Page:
The Gamester (1753) eBook

Edward Moore
This eBook from the Gutenberg Project consists of approximately 72 pages of information about The Gamester (1753).
devices employed by Hill to indicate direct divine intervention; consequently the late arrival of the news of the uncle’s death (which was expected throughout the play) is without special meaning, and serves only as a theatrical device intended to heighten the emotional effect. The Gamester, then, is a clear reflection of the state of English thought in the middle of the eighteenth century, in which a declining theology becomes suffused with the ideas and sentiments of the moralists of the age.

Despite the popularity of their plays, neither Lillo nor Moore inspired any significant followers in England.  On the Continent, however, their influence was considerable.  In his introduction to his edition of The London Merchant, A.W.  Ward traces Lillo’s influence on the Continent, and Caskey gives a detailed account of Moore’s (119-134). The Gamester was translated into German, French, Dutch, Spanish, and Italian.  It was first acted at Breslau in 1754 and retained its stage popularity for more than two decades.  A German translation appeared in 1754, and for more than twenty years numerous editions and translations continued to appear.  In France, Diderot admired the play and translated it in 1760 (not published until 1819); Saurin’s translation and adaptation (1767) proved popular on the French stage (he later provided an alternate happy ending which was frequently played).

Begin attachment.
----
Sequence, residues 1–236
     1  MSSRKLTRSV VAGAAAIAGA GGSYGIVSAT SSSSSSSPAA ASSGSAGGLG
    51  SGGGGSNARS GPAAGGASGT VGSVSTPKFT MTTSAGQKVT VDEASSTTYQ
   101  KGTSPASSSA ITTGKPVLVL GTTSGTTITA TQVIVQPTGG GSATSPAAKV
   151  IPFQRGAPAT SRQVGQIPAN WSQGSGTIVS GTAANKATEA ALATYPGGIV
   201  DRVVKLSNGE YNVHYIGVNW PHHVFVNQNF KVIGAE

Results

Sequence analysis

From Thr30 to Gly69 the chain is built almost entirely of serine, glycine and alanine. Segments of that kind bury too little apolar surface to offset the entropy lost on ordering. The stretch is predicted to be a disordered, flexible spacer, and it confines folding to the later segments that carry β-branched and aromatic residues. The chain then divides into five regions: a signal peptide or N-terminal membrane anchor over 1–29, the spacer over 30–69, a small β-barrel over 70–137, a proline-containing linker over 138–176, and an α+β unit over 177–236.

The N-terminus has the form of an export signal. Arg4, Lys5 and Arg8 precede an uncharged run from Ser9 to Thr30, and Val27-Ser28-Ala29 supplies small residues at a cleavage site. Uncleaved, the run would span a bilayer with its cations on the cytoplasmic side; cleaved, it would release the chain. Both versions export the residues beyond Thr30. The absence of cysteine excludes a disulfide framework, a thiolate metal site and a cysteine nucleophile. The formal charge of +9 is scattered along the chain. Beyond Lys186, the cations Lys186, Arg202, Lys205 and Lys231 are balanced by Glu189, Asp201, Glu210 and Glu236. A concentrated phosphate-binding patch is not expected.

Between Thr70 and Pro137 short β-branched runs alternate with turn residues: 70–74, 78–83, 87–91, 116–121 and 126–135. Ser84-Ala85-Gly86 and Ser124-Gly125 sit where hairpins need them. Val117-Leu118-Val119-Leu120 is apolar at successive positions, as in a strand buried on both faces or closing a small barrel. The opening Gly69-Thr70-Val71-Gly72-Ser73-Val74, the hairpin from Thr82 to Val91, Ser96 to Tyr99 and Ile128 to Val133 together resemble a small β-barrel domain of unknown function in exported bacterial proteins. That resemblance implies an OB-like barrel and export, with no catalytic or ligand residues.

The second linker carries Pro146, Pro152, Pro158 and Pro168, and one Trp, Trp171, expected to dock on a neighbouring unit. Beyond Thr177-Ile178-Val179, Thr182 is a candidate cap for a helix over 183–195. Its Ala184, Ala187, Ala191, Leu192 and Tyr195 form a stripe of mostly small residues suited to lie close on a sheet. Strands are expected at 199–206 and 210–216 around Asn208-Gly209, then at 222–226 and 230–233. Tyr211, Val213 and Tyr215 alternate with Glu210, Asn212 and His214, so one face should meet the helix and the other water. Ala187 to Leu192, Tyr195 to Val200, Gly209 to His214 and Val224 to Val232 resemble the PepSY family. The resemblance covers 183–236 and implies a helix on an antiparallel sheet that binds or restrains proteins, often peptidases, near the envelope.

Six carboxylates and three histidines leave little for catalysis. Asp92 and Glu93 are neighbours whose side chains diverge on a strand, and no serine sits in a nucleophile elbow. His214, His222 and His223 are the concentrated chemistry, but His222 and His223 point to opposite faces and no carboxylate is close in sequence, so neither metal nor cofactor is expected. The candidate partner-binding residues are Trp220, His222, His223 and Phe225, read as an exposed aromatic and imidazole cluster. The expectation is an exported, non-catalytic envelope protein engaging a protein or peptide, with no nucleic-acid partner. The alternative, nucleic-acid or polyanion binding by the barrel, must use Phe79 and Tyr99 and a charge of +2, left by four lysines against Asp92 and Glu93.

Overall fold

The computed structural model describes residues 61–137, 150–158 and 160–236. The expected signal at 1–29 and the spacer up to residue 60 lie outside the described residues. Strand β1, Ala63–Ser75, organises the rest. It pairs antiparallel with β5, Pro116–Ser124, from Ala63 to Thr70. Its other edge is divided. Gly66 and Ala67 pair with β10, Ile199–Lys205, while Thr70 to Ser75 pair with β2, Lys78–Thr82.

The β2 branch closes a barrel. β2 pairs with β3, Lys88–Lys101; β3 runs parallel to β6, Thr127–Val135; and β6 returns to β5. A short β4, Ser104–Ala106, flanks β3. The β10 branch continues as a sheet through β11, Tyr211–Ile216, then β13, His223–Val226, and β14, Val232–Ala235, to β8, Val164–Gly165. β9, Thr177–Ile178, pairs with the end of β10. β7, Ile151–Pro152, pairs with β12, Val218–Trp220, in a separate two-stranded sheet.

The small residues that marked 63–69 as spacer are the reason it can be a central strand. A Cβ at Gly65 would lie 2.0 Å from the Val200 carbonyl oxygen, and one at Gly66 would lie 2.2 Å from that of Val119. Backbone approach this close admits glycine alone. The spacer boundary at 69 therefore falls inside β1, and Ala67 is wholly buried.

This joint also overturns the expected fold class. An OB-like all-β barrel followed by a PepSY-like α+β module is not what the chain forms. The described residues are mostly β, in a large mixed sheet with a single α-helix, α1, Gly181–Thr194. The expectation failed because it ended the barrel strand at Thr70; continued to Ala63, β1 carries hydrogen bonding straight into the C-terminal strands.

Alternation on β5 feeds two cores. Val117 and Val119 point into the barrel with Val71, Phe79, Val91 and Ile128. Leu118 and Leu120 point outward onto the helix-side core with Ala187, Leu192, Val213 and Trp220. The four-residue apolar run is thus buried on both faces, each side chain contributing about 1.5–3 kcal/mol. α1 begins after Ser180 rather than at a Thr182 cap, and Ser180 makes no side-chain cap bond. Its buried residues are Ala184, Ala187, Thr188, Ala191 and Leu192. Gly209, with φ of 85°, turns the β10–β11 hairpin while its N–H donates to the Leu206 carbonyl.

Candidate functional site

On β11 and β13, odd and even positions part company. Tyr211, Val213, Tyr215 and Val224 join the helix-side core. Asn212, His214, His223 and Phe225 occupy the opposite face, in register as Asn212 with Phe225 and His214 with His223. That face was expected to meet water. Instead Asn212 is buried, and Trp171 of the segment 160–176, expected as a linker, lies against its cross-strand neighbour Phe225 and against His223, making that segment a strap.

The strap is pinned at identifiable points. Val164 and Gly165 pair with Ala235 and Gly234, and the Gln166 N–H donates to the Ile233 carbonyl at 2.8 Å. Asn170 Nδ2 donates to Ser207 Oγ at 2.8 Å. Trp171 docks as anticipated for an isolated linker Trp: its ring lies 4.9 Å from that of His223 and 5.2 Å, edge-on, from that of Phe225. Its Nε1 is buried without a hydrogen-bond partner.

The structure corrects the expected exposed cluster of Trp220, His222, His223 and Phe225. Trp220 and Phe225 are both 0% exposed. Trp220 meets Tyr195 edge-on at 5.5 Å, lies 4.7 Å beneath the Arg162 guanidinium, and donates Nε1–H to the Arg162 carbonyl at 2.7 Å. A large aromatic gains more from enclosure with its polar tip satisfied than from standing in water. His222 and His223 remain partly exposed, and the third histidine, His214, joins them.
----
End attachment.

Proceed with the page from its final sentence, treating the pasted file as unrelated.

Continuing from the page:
The Gamester is reproduced, with permission, from a copy owned by the University of Michigan.

  Charles H. Peake

    University of Michigan

BIBLIOGRAPHICAL NOTE

The first edition of Moore’s The Gamester appeared in 1753 shortly after the opening of Garrick’s performance of the play on February 7.  This edition is in many respects a good text; it has seemed desirable for several reasons, however, to reprint this work from the 1756 edition of Poems, Fables, and Plays (often referred to as the “Collected Works").  The 1756 text often corrects that of 1753 and is generally superior to later printings; it contains passages and improved readings not present in other editions; it aims at formal correctness, employing classical scene division; as a “Works” edition it exhibits excellent editorial and typographical treatment; it enjoys a superior general readability advantageous to classroom use; and, finally, it contains Moore’s vindicatory preface, which, as far as an examination of available copies shows, does not appear in other editions.  Inasmuch as the 1756 printing is somewhat late, standing between the fourth and fifth editions of the play, a brief bibliographical account of The Gamester is offered.

Copyrights
Project Gutenberg
The Gamester (1753) from Project Gutenberg. Public domain.
Follow Us on Facebook